Experimental Treatment for Beta Thalassemia Shows Potential in Preliminary Trials

According to a story from The Motley Fool, The gene therapy development company bluebird bio has been working on a treatment for beta thalassemia, and it has the potential to dramatically improve the quality of life for patients with the condition. The drug is called LentiGlobin, and if it gains approval, it will be the first commercially successful venture for the company.
Beta thalassemia refers to a group of inherited blood disorders. The condition appears when the synthesis of beta chains in hemoglobin is either absent or significantly reduced. In some individuals, the condition does not cause major symptoms, but in some cases it can lead to severe anemia. The condition is caused be a genetic mutation. Symptoms of thalassemia include spleen issues (which often results in its removal), gallstones, poor growth, and skeletal abnormalities. When left untreated, beta thalassemia lead to death from heart failure. Family history of the condition is the primary risk factor; people from Italy, Greece, The Middle East, South Asia, and Africa have a higher likelihood of beta thalassemia. In most patients, the only resort for treatment is periodic blood transfusions in order to compensate for blocked beta chains. Unfortunately, this can lead to its own deadly side effects, such as iron toxicity. Excessive iron can put both the heart and liver at risk of damage, with cirrhosis and liver cancer being potential complications. To learn more about beta thalassemia, click here.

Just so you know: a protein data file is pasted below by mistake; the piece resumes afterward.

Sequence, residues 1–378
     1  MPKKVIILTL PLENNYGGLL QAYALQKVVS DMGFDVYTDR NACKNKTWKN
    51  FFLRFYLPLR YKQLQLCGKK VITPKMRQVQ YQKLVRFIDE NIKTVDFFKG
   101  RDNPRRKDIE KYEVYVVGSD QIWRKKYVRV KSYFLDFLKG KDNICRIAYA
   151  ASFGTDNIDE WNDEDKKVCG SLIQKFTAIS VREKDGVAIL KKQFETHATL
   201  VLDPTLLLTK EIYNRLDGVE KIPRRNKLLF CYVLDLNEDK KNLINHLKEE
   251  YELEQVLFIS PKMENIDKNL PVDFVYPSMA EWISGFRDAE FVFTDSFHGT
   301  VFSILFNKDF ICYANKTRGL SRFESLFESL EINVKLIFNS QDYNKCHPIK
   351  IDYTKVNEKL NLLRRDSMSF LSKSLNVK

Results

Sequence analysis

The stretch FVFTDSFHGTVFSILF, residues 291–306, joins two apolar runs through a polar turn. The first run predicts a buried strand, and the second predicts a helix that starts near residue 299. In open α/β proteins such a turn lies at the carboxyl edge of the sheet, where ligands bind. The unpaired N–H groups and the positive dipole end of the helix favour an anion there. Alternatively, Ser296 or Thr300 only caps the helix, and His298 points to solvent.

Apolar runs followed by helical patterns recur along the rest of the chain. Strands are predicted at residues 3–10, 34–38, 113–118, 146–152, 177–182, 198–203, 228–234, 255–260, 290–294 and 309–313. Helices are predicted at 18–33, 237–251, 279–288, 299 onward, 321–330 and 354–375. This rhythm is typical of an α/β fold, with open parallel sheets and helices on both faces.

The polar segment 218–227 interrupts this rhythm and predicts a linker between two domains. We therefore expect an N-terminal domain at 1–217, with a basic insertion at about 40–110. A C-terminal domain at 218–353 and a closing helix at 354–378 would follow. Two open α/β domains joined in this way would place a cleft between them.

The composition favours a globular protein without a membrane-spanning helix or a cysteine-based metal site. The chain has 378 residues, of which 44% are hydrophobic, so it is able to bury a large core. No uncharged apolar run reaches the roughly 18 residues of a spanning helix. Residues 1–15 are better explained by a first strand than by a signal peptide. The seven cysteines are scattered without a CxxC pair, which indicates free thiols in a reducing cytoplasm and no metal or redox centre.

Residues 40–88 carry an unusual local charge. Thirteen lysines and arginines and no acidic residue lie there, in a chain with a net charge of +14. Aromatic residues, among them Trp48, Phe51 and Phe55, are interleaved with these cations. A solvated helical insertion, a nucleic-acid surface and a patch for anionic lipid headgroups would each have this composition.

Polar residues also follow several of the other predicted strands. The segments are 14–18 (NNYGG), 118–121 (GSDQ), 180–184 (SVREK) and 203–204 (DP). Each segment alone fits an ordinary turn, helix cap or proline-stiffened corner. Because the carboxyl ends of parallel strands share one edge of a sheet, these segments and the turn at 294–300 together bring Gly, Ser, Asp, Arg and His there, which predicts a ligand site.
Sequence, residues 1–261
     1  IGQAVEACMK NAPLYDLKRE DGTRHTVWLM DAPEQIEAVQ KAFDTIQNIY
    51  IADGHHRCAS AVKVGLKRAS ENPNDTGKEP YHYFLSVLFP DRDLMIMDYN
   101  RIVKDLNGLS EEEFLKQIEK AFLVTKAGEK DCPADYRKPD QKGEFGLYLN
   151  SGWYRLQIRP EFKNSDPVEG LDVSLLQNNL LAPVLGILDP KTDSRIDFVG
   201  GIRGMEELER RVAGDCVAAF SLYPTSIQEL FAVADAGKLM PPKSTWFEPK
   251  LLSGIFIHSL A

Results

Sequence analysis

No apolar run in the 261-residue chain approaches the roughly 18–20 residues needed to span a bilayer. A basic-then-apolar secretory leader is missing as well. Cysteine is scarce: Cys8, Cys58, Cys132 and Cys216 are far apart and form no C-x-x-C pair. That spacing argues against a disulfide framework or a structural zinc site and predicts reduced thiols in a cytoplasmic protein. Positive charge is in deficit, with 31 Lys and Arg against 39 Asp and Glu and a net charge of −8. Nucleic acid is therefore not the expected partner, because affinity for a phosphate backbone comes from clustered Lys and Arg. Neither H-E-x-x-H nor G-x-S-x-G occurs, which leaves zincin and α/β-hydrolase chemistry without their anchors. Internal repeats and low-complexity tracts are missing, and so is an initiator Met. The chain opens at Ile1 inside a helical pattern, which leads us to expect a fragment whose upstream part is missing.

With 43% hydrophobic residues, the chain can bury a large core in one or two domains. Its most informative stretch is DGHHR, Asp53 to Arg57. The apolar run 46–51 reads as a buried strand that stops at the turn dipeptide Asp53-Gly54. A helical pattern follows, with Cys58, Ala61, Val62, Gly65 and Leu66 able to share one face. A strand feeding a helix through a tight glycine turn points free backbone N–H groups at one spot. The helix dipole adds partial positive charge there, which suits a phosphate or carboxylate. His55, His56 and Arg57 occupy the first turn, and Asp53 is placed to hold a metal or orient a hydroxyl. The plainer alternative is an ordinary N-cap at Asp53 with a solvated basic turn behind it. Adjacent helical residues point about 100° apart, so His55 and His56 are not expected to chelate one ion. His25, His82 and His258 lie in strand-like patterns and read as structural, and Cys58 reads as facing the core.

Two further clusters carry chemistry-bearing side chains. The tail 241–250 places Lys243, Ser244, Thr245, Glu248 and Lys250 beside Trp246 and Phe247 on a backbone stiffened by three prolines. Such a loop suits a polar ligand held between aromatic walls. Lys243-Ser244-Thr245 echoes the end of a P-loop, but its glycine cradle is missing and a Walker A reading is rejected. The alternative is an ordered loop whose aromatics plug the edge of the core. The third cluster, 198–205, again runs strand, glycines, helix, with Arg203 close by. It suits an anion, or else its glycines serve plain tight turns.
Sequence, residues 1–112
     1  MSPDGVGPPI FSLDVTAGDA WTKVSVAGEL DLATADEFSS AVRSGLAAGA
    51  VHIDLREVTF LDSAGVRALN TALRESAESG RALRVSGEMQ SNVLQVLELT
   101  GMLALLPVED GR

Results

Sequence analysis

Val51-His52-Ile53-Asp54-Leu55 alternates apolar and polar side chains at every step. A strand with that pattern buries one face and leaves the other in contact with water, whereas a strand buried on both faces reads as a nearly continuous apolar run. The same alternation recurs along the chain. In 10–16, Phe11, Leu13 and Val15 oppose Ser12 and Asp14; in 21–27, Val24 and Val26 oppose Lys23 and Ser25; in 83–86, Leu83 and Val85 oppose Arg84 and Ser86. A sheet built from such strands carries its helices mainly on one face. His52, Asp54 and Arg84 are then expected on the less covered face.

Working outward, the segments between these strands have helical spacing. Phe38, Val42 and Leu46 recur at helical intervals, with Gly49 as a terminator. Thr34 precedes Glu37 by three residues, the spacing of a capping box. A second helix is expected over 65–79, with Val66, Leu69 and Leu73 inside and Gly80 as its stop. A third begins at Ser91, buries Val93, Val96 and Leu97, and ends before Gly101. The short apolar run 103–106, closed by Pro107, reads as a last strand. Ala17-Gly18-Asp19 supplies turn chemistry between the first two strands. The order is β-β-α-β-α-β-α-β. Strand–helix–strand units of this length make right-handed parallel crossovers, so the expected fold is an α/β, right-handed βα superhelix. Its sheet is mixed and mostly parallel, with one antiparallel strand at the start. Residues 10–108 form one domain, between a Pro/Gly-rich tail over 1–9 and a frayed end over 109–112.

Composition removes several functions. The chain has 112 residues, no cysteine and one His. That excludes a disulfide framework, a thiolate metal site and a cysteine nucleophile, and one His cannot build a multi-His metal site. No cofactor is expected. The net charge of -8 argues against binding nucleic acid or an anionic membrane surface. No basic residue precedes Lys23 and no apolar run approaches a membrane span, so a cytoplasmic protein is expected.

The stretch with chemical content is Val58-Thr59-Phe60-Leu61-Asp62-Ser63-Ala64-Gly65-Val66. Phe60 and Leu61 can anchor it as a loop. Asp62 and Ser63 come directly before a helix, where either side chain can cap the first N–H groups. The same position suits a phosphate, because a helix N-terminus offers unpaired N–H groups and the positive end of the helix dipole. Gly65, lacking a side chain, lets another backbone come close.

Clearly, there is a great need for more options so that getting treatment for beta thalassemia does not put the patient at risk for other severe diseases. As a genetically linked condition, gene therapies like LentiGlobin are a logical option for new therapies. The treatment works by replacing or supplementing the dysfunctional or absent beta chains that cause the beta thalassemia. In 12 of 13 patients with reduced hemoglobin, a single infusion of LentiGlobin allowed them to go around 27 months without a blood transfusion. Patients with that did not produce any hemoglobin also experienced benefit.

Lentiglobin appears capable of achieving the critical task of reducing the frequency of blood transfusions for patients with this disease. Bluebird intends to seek approval in the EU first, but must more trials testing will have to be done before that happens. Regardless, this new therapy could definitely change the lives of beta thalassemia patients for the better.

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